Joseph Levy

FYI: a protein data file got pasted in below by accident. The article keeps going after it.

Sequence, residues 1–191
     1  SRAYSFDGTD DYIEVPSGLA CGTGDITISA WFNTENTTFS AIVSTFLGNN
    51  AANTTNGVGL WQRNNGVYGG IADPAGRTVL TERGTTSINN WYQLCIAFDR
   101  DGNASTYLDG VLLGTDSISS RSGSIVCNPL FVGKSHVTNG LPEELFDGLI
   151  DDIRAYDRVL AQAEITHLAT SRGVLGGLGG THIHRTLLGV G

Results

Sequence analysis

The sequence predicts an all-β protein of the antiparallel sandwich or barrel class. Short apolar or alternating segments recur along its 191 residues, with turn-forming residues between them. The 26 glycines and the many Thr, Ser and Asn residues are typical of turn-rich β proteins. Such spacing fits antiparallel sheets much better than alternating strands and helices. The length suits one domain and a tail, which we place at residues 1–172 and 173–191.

After graduate studies in physics at the university of Paris 6, J. Levy did his military service at the Centre of Nuclear Studies of Fontenay aux roses where he has been in charge of a work dedicated to electron spin resonance. He then continued his studies at the University of Paris – obtaining a diploma of in-depth study of theoretical physics. Pursuing research at the Centre de mecanique ondulatoire appliqué (CNRS) he earned a Ph.D in physics entitled Interaction spin reseau et tenseur spectroscopique de l'électron, with honours. Meanwhile he trained as a radioisotopist and earned a degree awarded by the National Institute of Nuclear Science and Technology of Saclay. Following the work undertaken he has published several articles in peer reviewed journals.Although his previous work dealt with different issues more related to quantum physics, he has long been interested by the theory of relativity from a critical point of view. Since 1990 he has attended numerous international conferences devoted to this topic, including Physical interpretations of relativity theory (PIRT) sponsored by the British society for the philosophy of science and has given several lectures. He has since published 3 books and numerous articles in the proceedings of the conferences and in peer reviewed journals and he wrote chapters for two collective books. He was also a member of the editorial board of congress Geometrisation of physics held in Kazan state University Russia.J. Levy is convinced that, contrary to what is generally believed, the experiment in physics does not give an exact description of reality and must be reinterpreted, and this even if it is made with the maximum accuracy. Rods and clocks as well as masses in a state of absolute motion are modified and therefore the measurement of physical data concerning them is altered and depends on the absolute speed of the frame where it is made. A part of his work consists in determining the real values of the physical data behind the apparent ones. The divergences between physicists often arise more or less consciously from the credit which they give to the result of the experiments prior to any interpretation.J. Levy is now in charge as co-Editor and author of a scientific program entitled Ether space-time and cosmology, which will result in the publication of several volumes.
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